SC asked to stop immediately, declare unconstitutional Comelec’s ‘Oplan Baklas’

Published March 1, 2022, 3:05 PM

by Rey Panaligan 

Supreme Court (SC)

The Supreme Court (SC) was asked on Tuesday, March 1, to declare unconstitutional the Commission on Elections’ (Comelec) “Oplan Baklas” which dismantles or confiscates oversized election campaign materials which are posted in the private property of individuals who are non-candidates.

In a petition filed by supporters of Vice President and presidential candidate Ma. Leonor “Leni” Robredo, the petitioners told the SC that the Comelec wrongfully interpreted and implemented Sections 21 (o), 24 and 26 of Resolution No. 10730 when the poll body applied these provisions to non-candidates.

“The taking down of privately owned materials in private property without notice and hearing and even the threat of legal action constitutes a chilling effect to the citizens’ right to freedom of expression, including political speech, thereby meriting immediate action from this Honorable Court,” the petition stated.

The petitioners — through lawyers Ray Paolo J. Santiago, Jay Pactores Pujanes, Ayn Ruth Z. Tolentino, and other collaborating counsels from Roxas City – asked the SC to issue a temporary restraining order (TRO) that would stop immediately the Comelec’s “Oplan Baklas.”

Among the petitioners were Dr. Pilita de Jesus Liceralde, one of the convenors of Isabela for Leni; Dr. Anton Mari Hao Lim, one of the convenors of Zamboangueños for Leni; and St. Anthony College of Roxas City.

The petitioners told the SC their tarpaulins, posters, murals and other election materials that were all posted or displayed in their respective private property were forcefully dismantled, removed, destroyed or defaced and/or confiscated by the Comelec.

Named respondents in the petition are the poll body’s commissioners, led by Acting Chairperson Socorro B. Inting, and its Spokesperson James Jimenez who is the director of the Education and Information Department (EID).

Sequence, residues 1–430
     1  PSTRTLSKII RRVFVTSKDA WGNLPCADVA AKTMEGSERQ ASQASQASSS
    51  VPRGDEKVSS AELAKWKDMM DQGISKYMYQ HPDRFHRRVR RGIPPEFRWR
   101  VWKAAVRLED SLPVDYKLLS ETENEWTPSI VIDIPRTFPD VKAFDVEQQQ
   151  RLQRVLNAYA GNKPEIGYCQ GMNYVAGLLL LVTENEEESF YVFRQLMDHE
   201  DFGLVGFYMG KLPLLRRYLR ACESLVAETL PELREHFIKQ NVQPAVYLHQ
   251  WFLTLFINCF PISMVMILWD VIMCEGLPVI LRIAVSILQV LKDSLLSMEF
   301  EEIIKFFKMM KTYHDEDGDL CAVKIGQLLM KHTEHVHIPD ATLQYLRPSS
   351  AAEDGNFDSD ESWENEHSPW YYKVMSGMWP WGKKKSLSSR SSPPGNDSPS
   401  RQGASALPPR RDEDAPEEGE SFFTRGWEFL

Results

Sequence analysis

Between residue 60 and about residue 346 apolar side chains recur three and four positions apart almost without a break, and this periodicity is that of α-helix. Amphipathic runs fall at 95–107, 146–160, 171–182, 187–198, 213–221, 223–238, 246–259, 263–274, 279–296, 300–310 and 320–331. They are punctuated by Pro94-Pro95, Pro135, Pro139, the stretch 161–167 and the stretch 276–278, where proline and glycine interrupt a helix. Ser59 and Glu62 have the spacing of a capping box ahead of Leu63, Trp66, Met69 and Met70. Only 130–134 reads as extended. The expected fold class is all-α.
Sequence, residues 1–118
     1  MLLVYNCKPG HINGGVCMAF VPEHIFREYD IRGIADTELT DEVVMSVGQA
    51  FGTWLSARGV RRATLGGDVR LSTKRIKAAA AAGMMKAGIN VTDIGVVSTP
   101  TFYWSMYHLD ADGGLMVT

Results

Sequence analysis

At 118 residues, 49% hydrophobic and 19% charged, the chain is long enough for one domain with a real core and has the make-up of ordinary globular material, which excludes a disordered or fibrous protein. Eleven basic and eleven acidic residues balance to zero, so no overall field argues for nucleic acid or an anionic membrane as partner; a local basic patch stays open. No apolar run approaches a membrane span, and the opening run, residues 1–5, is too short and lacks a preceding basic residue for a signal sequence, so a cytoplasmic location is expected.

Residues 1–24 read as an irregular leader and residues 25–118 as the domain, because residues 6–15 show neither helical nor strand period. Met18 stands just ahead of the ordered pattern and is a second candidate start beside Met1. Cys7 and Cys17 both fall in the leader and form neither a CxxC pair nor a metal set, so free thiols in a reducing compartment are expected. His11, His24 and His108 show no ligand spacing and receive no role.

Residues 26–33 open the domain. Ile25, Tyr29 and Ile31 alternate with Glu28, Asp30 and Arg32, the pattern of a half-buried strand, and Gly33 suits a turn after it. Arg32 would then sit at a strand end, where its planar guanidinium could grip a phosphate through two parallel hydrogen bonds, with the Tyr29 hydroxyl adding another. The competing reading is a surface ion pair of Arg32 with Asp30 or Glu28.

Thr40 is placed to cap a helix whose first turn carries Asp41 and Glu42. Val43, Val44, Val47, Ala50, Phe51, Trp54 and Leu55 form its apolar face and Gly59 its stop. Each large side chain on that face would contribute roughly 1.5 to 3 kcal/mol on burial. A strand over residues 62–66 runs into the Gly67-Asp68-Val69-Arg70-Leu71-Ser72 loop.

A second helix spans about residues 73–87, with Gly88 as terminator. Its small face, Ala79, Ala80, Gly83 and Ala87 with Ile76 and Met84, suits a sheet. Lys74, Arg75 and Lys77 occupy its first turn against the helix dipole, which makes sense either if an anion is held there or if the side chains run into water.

Aside from the TRO, the petitioners asked the SC to direct the Comelec to return and/or restore all tarpaulins, posters, billboard, murals, and other election materials dismantled, removed, defaced and/or confiscated pursuant to Oplan Baklas.

Section 21 (o) of Resolution 10730 states: “No lawful election propaganda materials shall be allowed outside the common poster areas except on private property with the consent of the owner or in such other places mentioned in these Rules and must comply with the allowable size (2 feet x 3 feet) requirements for posters. Any violation hereof shall be punishable as an election offense.”

Section 24 provides that only one signboard, not exceeding three feet by eight feet in size, identifying the place as the headquarters of the party of candidates is allowed to be displaced.

Section 26, on the other hand provides that “any prohibited form of election propaganda shall be stopped, confiscated, removed, destroyed or torn down by Comelec representatives at the expense of the candidate or political party for whose apparent benefit the prohibited election propaganda materials have been produced, displayed and disseminated.”

The Comelec started implementing “Oplan Baklas” last February.

The petitioners said: “This uncalled for interference and encroachment upon the constitutional rights of the people are being conducted to this day in collaboration with groups of uniformed and heavily-armed law enforcement personnel without any legal basis to justify the act. Thus, effectively and forcibly dismantling, removing, destroying, defacing and/or confiscating said privately funded election materials.”

They cited the SC’s 2015 decision involving the same issue in the case elevated to the High Court by the Diocese of Bacolod City against the Comelec.

In the Diocese of Bacolod City case, members of the diocese posted two oversized tarpaulins inside the compound of the San Sebastian Cathedral in the city.

The Comelec directed the removal of the two tarpaulins with a warning that if not removed those responsible would be charged with violations of election laws pertaining to oversized campaign materials.

The members of the Diocese of Bacolod elevated the issue before the SC which issued a TRO against the Comelec order.

In resolving the petition, the SC ruled that the Comelec order was unconstitutional because the poll body “has no power to regulate the right to free expression of private citizens, who are neither candidates nor members of political parties.”

Also, the SC ruled “the Comelec’s action directing petitioners to remove the tarpaulins on their own property also violated petitioners’ right to property.”

In the petition filed by Robredo’s supporters, they pointed out that the ruling in the Diocese of Bacolod’s case made it clear that the Comelec cannot prohibit or censor speech, and that there is no requirement for non-candidates to comply with the size requirement of election paraphernalia when endorsing their choice of candidate.